I grew up on the eastern stretches of Long Island on a small family homestead. We raised animals and kept a huge vegetable garden in the backyard, and even as children we were expected to pitch in, working off of a list of daily chores. For the garden, that meant weeding. I remember sitting on a small bench in the soil, sun beating down on me, and ripping out weeds. I intentionally left some roots behind, and felt both guilty and utterly empowered. I smugly passed over small pieces of dandelion root, knowing they would come back again to taunt us. Above all other chores, I hated working in the garden.
I do keenly remember loving what the garden produced. Come spring I would sneak snap peas off the vine, thinking I’d get in trouble if I got caught eating one. I taught myself to squeeze the pod between my fingers and decide which would offer the sweetest peas. Too big and they lost their flavor; too small and I felt cheated.
Involving kids in the garden is thought to inspire an interest in food, but the real trick is finding the right task for the right kid. I’ve seen plenty of children grow weary of weeding or hauling around wheelbarrows of mulch. That sort of work is okay for teenagers, but for younger kids, the tedium quickly produces boredom. It also pays off to spend time thinking about the big plan for your yard, including if you may want to add animals at some point – see "Tips and Tricks for Creating an Urban Farms."
If you want your kids to love gardening, here are some ideas regarding both what to grow and which jobs to assign, at three different ages. Younger kids get short tasks that — let’s face it, you could do faster yourself — but will inspire their interest. Older children are assigned plants that need long-term care: allowing them to nurture plants along a life cycle not only cultivates green thumbs, it can also help foster feelings of self-worth and achievement. Not a terrible way to spend a summer!
With a short attention span and growing motor skills, toddlers do best with short tasks and fast, fun results.
Arugula: This cool-weather-tolerant plant goes in as soon as garden space clears up in late winter. Arugula has no specific planting requirements — kids can sprinkle a handful of seeds on the ground, poke a rake around and call it done. (For adults, we’d call this erratic flinging of seeds onto topsoil “broadcast sowing.”) Arugula produces fast results, maturing in about 45 days. Toddlers may not love the “spicy” flavor, but having grown it themselves, they just might.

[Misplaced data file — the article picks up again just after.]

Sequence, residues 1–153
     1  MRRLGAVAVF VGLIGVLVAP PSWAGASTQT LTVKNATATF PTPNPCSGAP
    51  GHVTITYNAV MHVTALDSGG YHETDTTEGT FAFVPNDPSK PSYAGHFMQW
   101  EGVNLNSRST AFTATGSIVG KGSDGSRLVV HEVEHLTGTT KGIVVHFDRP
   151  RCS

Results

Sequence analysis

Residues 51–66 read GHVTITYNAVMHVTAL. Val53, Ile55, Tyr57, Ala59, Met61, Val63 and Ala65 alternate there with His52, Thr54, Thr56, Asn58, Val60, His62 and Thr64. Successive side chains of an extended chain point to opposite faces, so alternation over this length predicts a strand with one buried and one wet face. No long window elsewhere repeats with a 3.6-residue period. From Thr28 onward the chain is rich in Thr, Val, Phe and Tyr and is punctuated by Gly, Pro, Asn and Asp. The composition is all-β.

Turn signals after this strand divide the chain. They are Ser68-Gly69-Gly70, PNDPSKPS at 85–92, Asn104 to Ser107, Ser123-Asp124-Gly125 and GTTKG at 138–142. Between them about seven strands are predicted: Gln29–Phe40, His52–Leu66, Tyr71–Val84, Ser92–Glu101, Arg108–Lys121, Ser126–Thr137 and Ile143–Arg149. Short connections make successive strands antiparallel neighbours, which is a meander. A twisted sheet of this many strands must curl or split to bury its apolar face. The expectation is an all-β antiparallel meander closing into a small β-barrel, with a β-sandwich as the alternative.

Nasturtiums: These vining flowers are vigorous, prolific growers, producing lilypad-like leaves and bright flowers, both of which are edible. The seeds are large and easy to handle. They do well in most any soil — poor, rich, containers — and need only a regular spritz of water. Plant anytime in spring or early summer, as nasturtiums have a nice long window of opportunity (a perk for busy parents). These plants also make great seed savers: Allow flowers to die back and hard, large seeds will form that are easy for even toddlers to harvest, store and keep for next year.
As new readers, elementary-school-aged children can pick and choose their own seeds, reading growing requirements off the label. This allows them the independence they crave, and parents need only be on hand for questions.
Peas: One of the first seeds to be planted in spring, peas are quick-growing plants that produce both edible vines and pods. Choose from shelling peas, snap peas (eat the whole pod), or snow peas. Pea seeds are large enough to handle with ease, and a small handful is all any family of four will need to plant. After plants are 6 inches tall, children will need some assistance trellising up the vines, but it’s simple work that can be completed in an hour, and children can practice tying knots using twine.
Zinnias: Zinnias are a summer crop, allowing kids to actively monitor their progress. With a strong stem that won’t break easily and petal-color options that span the rainbow, these flowers are captivating and joyful. Small children can easily cut and make bouquets on their own — a fun addition to the annual lemonade stand. Owing to the flower’s fat head and large seeds, young children can easily collect the seeds. As an extra project to keep them busy, young ones can make and decorate their own seed packets after harvest.
Older kids have defined palates and preferences, and are also capable of more demanding tasks. With more patience as well, older children can choose from long-season crops that take months to mature and need a bit of attention along the way.
Carrots: Carrots need concerted attention during growing and harvest. Rows must be thinned about three weeks into maturation in order to make room for the root to develop. (Some strategy is required: thin too many and you won’t have many carrots to harvest; don’t thin enough, and they’ll compete for space, producing small, unsatisfying carrots.) It’s not always clear when carrots are ready to harvest, but older kids are capable of both making the assessment and learning from it. As a rule of thumb, when the tops start to push out from the soil and you can clearly see some carrot crowning, they are ready.
Sunflowers: Sunflowers take some time to grow, but their height and grandeur is worth it. Some require early staking, and many will require netting or some sort of bird diversion tactic. An excellent excuse to haul a ladder into the garden, harvesting sunflowers is a real joy. Be sure to steer children into choosing varieties that produce seeds (some are strictly ornamental) if sunflower seed snacks is what they are after.
More about gardening with kids in and around Seattle: